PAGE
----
11 The fourth and last doctrine saith the Iesuite is this, he shall not onely affirme that he is God, but that he onely is God, and shall oppugne all other Gods both true and false, and shall suffer no Idols. But this absurd conceit of the papists, is not onely re­pugnant vnto the truth, but also contradictory to their owne doctrines cōcerning Antichrist. For is it credible either that a mortall man shall affirme himselfe alone to be the true God, [Page 148] and none but he: or if he shall so affirme of himselfe that Chri­stians and Iewes and all the world almost will acknowledge and worship him as the onely true God? Againe, the Anti­christian seate is figured by the whore of Babylon, which be­cause of her owne idolatrie is called a whore, and because she infecteth all nations that adhere vnto her with her idolatries Apoc. 17. 2. 5. and superstitions, she is said to make them drunke with the cup of her fornications, and also to be the mother of all the forni­cations, that is, idolatries of the earth. Yea, & the Papists them­selues expound Deut. 11. 38. where Antiochus Epiphanes is de­scribed as an Idolater, as properly spoken of Antichrist. And do not themselues teach that Antichrist shall professe himselfe to be the Messias of the Iewes, and consequently that he is sent and annointed of God? Now if he shall professe himselfe sent from God, shall we thinke that he wil say there is no God besides himselfe? Or if hee being but a mortall man, shall say there is no God besides himselfe, may we not well thinke that either they will hisse at him as a foole, or stone him to death as a blasphemer? Nay, do not themselues teach that he shall be in religion a Iew, an obseruer of the Sabboth, and other Iewish ceremonies? And do they not alledge Ierome to proue, that An­tichrist shall faigne himselfe to be the chiefe of the couenant, and a In Dan. 11 chiefe maintainer of the lawe and testament of God? And are not his two hornes like the Lambe expounded by some approued In Apo. 13 Authors among them, of the two testaments which hee shall seeme to professe?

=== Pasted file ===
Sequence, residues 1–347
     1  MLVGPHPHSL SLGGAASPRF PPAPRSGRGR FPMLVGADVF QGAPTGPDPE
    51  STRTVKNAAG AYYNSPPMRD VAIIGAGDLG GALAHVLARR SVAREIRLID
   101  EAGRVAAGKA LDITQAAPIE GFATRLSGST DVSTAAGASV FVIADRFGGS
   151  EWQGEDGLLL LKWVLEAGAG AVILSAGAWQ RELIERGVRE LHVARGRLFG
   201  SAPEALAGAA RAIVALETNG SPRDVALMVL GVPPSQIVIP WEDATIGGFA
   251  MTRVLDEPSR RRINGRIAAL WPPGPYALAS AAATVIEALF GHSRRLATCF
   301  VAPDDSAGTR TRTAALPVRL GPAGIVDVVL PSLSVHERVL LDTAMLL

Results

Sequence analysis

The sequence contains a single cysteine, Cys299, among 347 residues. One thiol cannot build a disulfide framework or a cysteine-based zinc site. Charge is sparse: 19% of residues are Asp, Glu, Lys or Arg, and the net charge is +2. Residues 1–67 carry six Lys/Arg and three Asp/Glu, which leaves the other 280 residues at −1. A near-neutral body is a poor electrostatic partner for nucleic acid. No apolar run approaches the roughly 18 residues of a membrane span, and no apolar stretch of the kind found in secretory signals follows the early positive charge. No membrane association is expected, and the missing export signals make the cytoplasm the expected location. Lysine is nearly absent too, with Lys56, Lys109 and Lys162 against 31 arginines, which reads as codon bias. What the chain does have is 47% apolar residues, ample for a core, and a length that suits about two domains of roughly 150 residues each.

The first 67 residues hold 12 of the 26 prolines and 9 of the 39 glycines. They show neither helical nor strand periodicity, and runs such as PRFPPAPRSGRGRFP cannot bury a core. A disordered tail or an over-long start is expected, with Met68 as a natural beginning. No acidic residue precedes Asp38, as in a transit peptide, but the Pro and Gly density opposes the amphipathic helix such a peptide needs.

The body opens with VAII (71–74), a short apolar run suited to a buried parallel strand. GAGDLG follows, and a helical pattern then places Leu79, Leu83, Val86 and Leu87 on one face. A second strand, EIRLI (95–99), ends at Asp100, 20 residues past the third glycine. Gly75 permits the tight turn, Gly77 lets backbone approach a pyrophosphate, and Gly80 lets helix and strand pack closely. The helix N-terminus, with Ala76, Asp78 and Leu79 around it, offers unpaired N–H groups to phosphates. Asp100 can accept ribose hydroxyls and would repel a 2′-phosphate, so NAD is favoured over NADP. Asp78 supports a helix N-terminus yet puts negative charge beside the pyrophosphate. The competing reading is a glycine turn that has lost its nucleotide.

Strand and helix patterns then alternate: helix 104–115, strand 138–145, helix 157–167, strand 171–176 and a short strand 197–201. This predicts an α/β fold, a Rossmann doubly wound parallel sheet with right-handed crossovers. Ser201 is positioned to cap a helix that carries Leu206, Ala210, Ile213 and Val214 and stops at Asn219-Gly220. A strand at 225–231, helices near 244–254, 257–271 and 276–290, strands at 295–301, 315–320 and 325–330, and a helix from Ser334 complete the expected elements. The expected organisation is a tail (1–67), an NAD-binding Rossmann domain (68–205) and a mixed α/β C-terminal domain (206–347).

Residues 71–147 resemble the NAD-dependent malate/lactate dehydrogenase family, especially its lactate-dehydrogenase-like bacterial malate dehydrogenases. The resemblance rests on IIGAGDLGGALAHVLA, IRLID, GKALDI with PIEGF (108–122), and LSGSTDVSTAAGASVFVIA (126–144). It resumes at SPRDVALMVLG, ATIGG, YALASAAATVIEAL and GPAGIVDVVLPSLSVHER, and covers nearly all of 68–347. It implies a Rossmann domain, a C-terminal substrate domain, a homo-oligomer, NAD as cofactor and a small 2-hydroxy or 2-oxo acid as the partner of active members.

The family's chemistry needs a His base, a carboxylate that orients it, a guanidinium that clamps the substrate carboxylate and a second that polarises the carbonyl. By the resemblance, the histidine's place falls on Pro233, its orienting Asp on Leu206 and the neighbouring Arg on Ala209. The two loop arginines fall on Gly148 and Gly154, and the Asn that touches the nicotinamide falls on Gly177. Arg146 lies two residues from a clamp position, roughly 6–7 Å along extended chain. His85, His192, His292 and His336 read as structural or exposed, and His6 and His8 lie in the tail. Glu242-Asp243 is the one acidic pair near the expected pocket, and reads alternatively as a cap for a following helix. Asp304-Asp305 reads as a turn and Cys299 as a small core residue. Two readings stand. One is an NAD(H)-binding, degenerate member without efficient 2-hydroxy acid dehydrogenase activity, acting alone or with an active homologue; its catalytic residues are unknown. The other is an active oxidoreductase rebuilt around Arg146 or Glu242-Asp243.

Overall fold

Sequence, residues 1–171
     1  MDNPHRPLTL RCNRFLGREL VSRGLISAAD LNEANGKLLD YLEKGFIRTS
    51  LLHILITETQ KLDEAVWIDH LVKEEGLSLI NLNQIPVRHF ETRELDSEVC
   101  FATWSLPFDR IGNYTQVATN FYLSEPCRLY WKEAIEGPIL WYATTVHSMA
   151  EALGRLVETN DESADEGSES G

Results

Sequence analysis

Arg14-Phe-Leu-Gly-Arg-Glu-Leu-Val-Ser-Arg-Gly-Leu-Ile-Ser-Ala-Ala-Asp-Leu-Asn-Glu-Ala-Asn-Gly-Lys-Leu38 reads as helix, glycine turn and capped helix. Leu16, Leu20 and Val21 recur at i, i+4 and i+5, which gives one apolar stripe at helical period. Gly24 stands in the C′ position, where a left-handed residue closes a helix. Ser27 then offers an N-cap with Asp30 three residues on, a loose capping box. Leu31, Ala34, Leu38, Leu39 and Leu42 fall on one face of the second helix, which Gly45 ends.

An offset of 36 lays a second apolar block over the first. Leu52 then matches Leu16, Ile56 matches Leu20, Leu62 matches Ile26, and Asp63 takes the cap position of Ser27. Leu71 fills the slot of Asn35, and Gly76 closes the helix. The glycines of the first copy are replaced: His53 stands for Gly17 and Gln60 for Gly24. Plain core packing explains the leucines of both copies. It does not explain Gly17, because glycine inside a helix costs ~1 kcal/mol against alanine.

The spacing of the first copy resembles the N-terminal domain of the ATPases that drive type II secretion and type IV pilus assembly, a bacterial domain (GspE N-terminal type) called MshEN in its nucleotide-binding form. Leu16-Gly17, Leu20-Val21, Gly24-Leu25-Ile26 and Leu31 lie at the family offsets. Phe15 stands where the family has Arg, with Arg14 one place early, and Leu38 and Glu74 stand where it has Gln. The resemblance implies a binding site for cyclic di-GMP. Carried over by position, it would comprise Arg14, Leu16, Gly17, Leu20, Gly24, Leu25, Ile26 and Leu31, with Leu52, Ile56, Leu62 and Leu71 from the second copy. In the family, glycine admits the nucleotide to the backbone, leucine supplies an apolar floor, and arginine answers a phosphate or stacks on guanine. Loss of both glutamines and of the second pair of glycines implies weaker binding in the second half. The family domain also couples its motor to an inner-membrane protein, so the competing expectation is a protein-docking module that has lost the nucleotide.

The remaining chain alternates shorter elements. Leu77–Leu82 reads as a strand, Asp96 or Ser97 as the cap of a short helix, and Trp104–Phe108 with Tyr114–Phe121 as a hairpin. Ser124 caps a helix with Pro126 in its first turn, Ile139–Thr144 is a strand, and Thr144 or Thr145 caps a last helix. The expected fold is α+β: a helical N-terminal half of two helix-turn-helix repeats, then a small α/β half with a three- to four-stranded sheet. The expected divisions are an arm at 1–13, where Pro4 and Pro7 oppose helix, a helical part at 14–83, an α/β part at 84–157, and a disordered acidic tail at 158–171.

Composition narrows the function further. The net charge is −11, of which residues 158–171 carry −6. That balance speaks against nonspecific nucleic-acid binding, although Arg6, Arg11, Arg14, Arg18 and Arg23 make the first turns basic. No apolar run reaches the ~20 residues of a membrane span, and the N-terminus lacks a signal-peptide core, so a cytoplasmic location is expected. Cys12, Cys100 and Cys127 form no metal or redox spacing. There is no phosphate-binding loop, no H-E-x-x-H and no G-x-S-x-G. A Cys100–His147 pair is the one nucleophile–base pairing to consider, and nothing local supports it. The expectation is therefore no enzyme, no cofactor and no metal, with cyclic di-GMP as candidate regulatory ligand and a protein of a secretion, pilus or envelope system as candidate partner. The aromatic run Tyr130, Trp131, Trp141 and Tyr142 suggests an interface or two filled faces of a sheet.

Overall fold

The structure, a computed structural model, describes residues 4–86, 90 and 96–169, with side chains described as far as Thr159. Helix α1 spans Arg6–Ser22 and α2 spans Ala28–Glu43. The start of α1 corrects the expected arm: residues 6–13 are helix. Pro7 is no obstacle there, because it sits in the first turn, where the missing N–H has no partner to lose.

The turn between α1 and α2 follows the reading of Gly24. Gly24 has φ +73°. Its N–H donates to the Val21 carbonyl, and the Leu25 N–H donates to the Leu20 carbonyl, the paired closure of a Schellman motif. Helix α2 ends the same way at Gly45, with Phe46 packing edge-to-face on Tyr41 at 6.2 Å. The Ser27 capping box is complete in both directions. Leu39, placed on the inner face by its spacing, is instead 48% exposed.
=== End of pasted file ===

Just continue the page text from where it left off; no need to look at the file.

12 But let vs see how this wise conceit is proued: Forsooth by testimonies of the scriptures and the Fathers. Out of the scripture hee alledgeth two places, the former 2. Thess. 2. 4. Who is extolled aboue all that is called God, or worshipped. As if hee should say, Antichrist shall bee aduanced aboue all that is called God, or that is worshipped, therefore hee shall auouch that hee alone is God, and will suffer no other God either true or false to bee worshipped besides himselfe. I denie the con­sequence. For first Antichrist may aduance himselfe aboue all that is called God, or that is worshipped, and yet suffer, yea require them to bee worshipped. Iupiter was supposed [Page 149] among the Heathen to aduance himself aboue all other Gods, and yet suffered them to be worshipped as Gods. Antichrist the second beast, aduanceth himselfe aboue the Image of the Apoc. 13. former beast, which is the Empire renewed, whereon he sitteth as the rider death vpon a beast, and yet requireth the same to be worshipped. The Pope aduanceth himselfe aboue Angels, Apoc. 17. Kings, and Princes, who are called Gods; aboue the Saints, the Host, the Crosse, and whatsoeuer [...] is in the church of Rome, and yet requireth them all to be worshipped. Secondly, Antichrist may aduance himself aboue or against al that is cal­led God, or is worshipped, and yet not professe himselfe to be the only God. For so Antiochus Epiphanes aduanced himselfe a­gainst euery God, yea, against the God of Gods, Dan. 11. 36. and yet he was neuer so mad as to professe himselfe the only God. Thirdly, seeing Antichristianisme is not open Atheisme, but a mystery of iniquity; & Antichrist is described in the scriptures as an hypocrite & pretended Christiā: we may be assured that although in deed & in truth he shall aduance himselfe against God, & against Christ our Sauiour, & list vp himself aboue all that is called God, or that is worshipped; yet he shall professe himselfe to be the seruant of Christ, and a worshipper of God. Fourthly, the words of the text do not ascribe to Antichrist so great an extolling of himselfe as the Iesuit imagineth. For first he is called a man of sinne, & sonne of perdition, & therfore we are to conceiue of such an aduancement of himselfe, as is inci­dent to a mortall & wretched man. Secōdly, he is said to extoll himselfe aboue all that is called God, or that is worshipped. By all that is called God, we are to vnderstand all to whom the name of God is communicated, as to Angels in heauen, to kings and Princes on earth. And of this aduancing aboue Kings, we are the rather to vnderstand this place, because afterwards it is said, that the Romane Empire hindered Antichrists ad­uancing or reuealing himselfe. And by [...] we are to vnder­stand any thing which is worshipped as God, or wherein God is worshipped: Such in the Church of Rome are the Host, the Crosse, the Saints, & their Images & reliques. Aboue al which a man may aduance himselfe (as the Pope doth) and yet may [Page 150] acknowledge some other God besides himselfe. Thirdly, the greatest height of pride that is incident to any creature what­soeuer, is not to seeke to be aboue God, for that cannot be ima­gined, but to be as God. And indeed the height of Antichrist his pride and aduancing of himselfe, is noted in the words fol­lowing, [...] in so much that he shall sit in the temple of God as God. Whosoeuer therefore being but a mortall man, shall aduance himself aboue all that is called God & worshipped, insomuch that he shall sit in the temple of God as God, that is, ruleth in the church of Christ as if he were a God vpon earth, he is to be deemed Antichrist (that is aemulus Christi, one that would faine be equall to Christ) although he neither professe himselfe to be the onely God, who onely is to be worshipped, neither yet a­bolish all other worship of God both true and false. And if in this sense this place do properly agree to the Pope, as indeed it doth, then can it not be auoided but that he is Antichrist.